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13 WTHR Indianapolis | Indianapolis Local News & Weather

Streets closing, dozens of restaurants getting ready to reopen

Marion County restaurants are getting ready to reopen for outdoor dining only, starting Friday.

INDIANAPOLIS (WTHR) – Marion County restaurants are getting ready to reopen for outdoor dining only, starting Friday.

According to the Department of Business and Neighborhood Services, as of Wednesday afternoon, 44 restaurants had applied for special permits allowing them to expand their outdoor seating.

The list includes Coaches Tavern, the Columbia Club, St Elmo Steakhouse, Moe and Johnny's, Union Jack Pub, Golden Ace Inn and Weber Grill.

"I'm excited. We're ready to reopen and have our dining room on the patio or Illinois Street," Weber Grill General Manager Desmond Sutherland said. "We're excited to get out their for our guests and get our team back to work."

Tuesday the mayor's office announced plans to help restaurants, by closing portions of five major corridors to vehicular traffic.

Those streets include:

  • Mass Ave
  • Broad Ripple Avenue
  • Georgia Street
  • The southern half of Monument Circle
  • Three blocks of Illinois Street downtown

DPW crews began barricading Illinois Street Wednesday morning. DPW Director Dan Parker said the closures were to not just make more room for outdoor dining but provide ample social distancing.

Walking down the center of Illinois Street he referenced the new orange, "social distancing please" signs.

"That's the reason we're closing streets, to give each other plenty of distance," Parker said. "We need people to think this is the new sidewalk for Illinois Street."

After barricading the streets, crews began cordoning off each restaurants outdoor dining area.

Harry and Izzy's staff spent time measuring their potential space and determining how many tables it would allow. The space would run the length of the restaurant.

Pointing to the right-of-way in front, Parker said, "this is all the space they'd gain. It's a pretty large space."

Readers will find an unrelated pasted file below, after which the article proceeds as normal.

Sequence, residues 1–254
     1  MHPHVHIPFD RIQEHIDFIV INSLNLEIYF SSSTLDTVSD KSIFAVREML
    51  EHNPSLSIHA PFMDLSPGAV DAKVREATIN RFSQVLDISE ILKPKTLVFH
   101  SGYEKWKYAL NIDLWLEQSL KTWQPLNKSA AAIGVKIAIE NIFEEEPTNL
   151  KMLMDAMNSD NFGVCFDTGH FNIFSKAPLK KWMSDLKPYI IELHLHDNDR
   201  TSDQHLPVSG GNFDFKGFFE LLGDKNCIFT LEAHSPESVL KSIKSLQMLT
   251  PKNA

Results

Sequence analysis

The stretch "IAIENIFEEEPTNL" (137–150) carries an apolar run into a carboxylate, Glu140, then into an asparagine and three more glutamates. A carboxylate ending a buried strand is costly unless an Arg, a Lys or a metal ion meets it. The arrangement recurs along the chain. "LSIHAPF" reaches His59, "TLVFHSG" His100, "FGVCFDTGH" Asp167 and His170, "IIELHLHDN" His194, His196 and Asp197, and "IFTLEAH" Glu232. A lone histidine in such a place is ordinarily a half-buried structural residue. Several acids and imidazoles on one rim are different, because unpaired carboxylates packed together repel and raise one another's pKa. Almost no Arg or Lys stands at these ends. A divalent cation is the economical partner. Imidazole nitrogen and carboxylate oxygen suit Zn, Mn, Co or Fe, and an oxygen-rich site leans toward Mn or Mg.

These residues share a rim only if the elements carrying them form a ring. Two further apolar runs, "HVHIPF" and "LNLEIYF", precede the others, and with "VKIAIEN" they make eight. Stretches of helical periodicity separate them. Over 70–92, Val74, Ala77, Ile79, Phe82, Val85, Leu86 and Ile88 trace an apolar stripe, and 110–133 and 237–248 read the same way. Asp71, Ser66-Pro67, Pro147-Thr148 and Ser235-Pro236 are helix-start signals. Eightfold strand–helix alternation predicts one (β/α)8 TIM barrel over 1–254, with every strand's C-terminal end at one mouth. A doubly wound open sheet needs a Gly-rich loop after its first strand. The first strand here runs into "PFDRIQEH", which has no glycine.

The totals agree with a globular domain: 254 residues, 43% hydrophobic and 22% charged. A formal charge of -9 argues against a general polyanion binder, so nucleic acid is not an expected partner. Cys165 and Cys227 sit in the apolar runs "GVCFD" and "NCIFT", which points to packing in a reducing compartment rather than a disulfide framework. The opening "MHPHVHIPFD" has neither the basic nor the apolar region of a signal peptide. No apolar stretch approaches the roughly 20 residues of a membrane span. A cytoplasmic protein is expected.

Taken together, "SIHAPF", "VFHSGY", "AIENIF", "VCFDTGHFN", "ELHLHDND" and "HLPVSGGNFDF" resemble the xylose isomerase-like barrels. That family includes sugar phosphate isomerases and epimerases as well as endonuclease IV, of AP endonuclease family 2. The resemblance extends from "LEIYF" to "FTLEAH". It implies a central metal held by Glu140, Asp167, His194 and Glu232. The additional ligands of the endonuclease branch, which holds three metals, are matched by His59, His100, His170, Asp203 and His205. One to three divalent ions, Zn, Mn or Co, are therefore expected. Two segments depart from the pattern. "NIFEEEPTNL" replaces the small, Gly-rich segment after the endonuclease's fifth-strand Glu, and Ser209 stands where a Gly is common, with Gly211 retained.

Getting the permits needed to transform streets and sidewalks into patio dining would normally be a long and complicated process. But the city fast-tracked the permitting process at no cost to restaurants.

It's not ideal. Restaurants taking advantage of the extra outdoor seating cannot go beyond 50 percent of their normal capacity and tables must remain six feet apart.

Sutherland said Weber Grill can accommodate 480 diners inside. Taking into account social distancing, they'll be able to seat 50-60 people. But he wasn't complaining.

"We're already taking reservations," Sutherland said. "We're excited to have tents, tables and chairs, linen tablecloths. It's going to look like a dining room but we're moving it outside."

The rules state that tents must be open on all sides. Each restaurant must also have an emergency weather plan.

While employees must wear face masks, it's not required of diners.

You can order beverages but they must consumed table-side. Alcoholic beverages cannot leave the dining areas. Though the streets are closed. It's not a "street party."

If you're wondering about restrooms, patrons will be able to use the restaurant's indoor facilities. The health department has strict cleaning and sanitizing requirements in place.

Also, restaurants cannot open before 11 a.m.

As for parking, Parker insists "there is plenty of parking downtown," but you may have to walk a block or two. He said garages off Illinois and Georgia Street, will be accessible.

Restaurants not located along the five corridors will also have opportunities to expand their outdoor space using adjacent parking lots or properties.

While a manager of Lincoln Square Pancake House on North Meridian told us Monday they would probably stick to carry-out, that's since changed.

A managing partner said, "knowing we have we will have the ability to serve customers outdoors, we will definitely be doing so. We are currently working on a plan."

For most restaurants it's trying to figure out the cost benefit. A number will no doubt opt to wait until indoor dining resumes.

"I can't wait to see what Illinois Street looks like Friday night at 7, in the middle of the dinner rush," Sutherland said. "I just can't wait to get that feeling back."

After learning about the street closure, a group of Mass Ave businesses have come together to send a letter to the city, saying that the closure should be immediately halted because they were blindsided by the news.

The group of businesses feel that the street closure decision was made "with no input or regard for the people it will impact."

Read the full letter below: